I speak to people about coffee grounds for their plants often. Maybe too often. Maybe in every conversation…. Let me think about that and I may even be able to write a happy Spring time poem for it. Oops, too late.
Roses are Red
Violets are Blue
but treat them with coffee
and changes their hue
Some Easy Steps to Make New Soil
Collecting used coffee grounds (UCG) and various bits of refuse to take home can be a lot of work. Sometimes we don’t even have time to go outside to stare down the weeds, so as a minimum, this is all you need to do to start improving the quality of your soil and making use of all that good organic material.
- Get a little bag and put it somewhere in the kitchen. If you have little wombats crawling around the place, the ones that strangely resemble you, then get in on the bench.
- Every time you prepare or clean up any kind of food, throw in everything except meat and fish waste . As Tim Marshal writes in his fantastic book – Composting
All organic matter can be composted. Vegetable waste, hair, sawdust, manure, urine, straw, tea leaves and coffee grounds are suitable examples…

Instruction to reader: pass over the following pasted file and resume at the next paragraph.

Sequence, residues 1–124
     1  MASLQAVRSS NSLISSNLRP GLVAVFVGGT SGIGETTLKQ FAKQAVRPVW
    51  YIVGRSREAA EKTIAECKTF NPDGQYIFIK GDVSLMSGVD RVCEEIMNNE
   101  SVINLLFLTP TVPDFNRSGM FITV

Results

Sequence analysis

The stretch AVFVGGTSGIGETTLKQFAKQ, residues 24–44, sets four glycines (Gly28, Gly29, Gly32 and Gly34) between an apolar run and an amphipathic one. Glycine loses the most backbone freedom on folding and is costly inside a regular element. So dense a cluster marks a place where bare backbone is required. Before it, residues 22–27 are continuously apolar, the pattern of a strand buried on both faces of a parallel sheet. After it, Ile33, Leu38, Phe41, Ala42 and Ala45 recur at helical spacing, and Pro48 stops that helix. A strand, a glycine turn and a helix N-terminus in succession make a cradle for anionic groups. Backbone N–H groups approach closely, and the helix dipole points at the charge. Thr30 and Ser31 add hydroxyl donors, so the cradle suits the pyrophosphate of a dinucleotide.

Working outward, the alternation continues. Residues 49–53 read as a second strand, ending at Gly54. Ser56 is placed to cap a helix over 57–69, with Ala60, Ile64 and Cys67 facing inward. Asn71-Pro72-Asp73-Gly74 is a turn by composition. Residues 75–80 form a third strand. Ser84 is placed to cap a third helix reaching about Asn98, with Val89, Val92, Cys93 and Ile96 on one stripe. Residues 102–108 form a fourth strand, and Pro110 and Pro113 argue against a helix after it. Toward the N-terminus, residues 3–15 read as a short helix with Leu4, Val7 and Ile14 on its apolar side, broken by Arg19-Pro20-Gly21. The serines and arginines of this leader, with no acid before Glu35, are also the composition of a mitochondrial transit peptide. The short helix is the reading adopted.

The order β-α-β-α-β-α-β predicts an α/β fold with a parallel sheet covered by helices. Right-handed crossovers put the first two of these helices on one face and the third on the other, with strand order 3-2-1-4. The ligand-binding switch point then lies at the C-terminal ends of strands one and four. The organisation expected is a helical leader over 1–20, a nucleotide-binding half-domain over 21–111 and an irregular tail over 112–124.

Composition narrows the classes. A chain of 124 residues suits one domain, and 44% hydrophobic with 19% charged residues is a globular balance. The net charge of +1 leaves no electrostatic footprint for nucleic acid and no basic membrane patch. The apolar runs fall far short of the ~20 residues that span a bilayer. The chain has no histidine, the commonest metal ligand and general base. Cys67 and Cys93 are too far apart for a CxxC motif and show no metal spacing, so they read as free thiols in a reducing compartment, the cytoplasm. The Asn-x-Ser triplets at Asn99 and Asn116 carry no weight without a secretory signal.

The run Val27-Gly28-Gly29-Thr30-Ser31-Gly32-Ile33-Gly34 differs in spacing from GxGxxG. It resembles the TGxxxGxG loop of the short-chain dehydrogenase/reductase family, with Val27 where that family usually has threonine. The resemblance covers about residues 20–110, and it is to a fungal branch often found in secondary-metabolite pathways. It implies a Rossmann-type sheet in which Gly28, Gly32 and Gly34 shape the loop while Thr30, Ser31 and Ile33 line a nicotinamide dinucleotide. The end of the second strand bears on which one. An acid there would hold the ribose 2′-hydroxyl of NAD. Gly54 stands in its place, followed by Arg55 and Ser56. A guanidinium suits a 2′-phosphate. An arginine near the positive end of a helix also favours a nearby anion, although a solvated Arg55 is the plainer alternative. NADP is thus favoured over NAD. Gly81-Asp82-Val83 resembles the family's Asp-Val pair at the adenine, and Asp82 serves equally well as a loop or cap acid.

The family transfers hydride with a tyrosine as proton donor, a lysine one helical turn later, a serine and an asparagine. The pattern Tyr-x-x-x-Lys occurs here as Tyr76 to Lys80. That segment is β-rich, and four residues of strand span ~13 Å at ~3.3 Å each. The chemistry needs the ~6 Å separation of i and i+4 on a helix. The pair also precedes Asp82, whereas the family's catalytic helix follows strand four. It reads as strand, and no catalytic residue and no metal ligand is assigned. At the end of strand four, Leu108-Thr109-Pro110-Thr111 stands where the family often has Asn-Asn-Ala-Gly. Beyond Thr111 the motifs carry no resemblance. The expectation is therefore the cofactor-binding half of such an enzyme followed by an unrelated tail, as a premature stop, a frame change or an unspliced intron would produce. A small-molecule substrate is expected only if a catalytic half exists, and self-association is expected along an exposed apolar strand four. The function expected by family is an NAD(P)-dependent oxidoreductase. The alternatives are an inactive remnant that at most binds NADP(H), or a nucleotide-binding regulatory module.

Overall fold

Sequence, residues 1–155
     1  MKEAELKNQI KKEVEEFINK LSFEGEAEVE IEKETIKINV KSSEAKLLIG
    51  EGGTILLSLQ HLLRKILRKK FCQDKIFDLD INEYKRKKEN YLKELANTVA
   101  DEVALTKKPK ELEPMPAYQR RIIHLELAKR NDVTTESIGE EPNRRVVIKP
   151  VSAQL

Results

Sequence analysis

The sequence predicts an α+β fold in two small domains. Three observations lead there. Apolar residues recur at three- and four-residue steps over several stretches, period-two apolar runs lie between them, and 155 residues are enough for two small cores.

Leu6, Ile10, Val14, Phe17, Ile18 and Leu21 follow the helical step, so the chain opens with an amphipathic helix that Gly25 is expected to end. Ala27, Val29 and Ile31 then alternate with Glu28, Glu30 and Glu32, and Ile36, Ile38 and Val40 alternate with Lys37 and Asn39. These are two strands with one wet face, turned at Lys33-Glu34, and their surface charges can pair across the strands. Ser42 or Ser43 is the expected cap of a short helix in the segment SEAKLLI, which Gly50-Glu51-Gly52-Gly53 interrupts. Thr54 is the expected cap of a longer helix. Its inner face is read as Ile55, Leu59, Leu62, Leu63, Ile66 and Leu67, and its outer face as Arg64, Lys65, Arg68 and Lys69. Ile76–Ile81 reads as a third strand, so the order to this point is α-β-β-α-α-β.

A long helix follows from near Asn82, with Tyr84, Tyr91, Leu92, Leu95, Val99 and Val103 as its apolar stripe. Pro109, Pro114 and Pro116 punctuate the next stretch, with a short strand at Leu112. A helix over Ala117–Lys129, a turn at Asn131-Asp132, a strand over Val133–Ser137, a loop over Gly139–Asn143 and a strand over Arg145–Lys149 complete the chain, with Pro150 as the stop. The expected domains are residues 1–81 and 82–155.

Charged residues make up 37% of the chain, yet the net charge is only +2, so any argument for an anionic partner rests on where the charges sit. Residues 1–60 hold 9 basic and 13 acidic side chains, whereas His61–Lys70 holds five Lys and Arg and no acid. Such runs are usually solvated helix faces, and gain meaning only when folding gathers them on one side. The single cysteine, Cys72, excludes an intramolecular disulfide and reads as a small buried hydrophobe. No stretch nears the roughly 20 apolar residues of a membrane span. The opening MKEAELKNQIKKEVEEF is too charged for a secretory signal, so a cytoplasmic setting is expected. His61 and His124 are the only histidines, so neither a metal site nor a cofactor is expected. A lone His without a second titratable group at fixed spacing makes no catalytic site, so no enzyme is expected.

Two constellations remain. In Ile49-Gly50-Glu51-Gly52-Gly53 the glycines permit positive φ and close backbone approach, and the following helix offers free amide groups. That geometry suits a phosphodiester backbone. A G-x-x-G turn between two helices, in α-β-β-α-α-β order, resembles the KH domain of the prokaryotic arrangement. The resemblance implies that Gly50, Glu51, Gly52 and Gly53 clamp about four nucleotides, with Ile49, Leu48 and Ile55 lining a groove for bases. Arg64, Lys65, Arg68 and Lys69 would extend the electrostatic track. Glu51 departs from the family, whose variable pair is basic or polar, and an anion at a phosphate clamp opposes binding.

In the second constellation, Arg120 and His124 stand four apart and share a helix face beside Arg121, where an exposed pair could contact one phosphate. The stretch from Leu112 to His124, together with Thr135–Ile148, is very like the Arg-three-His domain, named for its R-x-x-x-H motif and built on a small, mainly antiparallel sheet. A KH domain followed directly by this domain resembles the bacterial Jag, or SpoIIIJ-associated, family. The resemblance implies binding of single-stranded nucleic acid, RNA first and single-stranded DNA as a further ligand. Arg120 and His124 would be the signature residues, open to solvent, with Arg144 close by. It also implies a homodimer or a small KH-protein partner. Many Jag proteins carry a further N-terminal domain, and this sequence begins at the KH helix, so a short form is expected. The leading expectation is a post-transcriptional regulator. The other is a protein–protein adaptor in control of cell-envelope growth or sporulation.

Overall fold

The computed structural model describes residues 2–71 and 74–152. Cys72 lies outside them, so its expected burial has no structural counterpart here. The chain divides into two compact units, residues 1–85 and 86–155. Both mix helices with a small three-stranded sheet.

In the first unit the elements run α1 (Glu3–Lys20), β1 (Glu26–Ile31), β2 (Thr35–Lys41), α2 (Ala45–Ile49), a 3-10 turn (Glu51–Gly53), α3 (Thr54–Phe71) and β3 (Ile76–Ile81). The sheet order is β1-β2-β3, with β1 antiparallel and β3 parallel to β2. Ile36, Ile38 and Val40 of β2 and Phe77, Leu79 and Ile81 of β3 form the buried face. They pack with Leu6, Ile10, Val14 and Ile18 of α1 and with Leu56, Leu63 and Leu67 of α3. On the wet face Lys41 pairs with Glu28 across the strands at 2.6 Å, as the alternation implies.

Meat and fish waste should only be used by very experienced composters, as they can cause hygiene and community health problems.
- Soon enough you will start to fill that bag with those kitchen scraps, and if you are getting between .5 to 1 kilo per day then its all good. When the bag starts getting full (no longer than 2 days worth), tie it off and take it outside.
- Hopefully, you have something you can dig a one by one foot hole with. So get to it and let me know when you are ready for the next steps…
- Keep going…
- Almost there…
- Awesome. Tip the contents of the bag into the hole and put a light covering of soil over it, or grass clippings, straw, wet newspaper/cardboard. You could even put a phone book or bin lid over the whole thing to prevent an animal digging it up. Try to leave some room in there for more kitchen scraps.
- Keep repeating the step above until you are about three inches from top, then pour in some water, leafmould, coffee grounds, or blood and bone if you have it. Cover the lot over with soil (you should still have some there from when you first dug the hole), and now just leave it alone. In about 2 months start growing some vegetables over that spot.
- Pick another spot in the garden, and do it all over again. By the time a year has gone by, you would have recycled several hundred kilos of perfectly good organic material, gotten some exercise, and prepared your garden for more productive use.
So folks, this is an easy way to get started. It might not be as effective or scalable as say hot compost or the heat induction compost I have in the backyard, but it is a start. A push. And sometimes that’s all we need 😉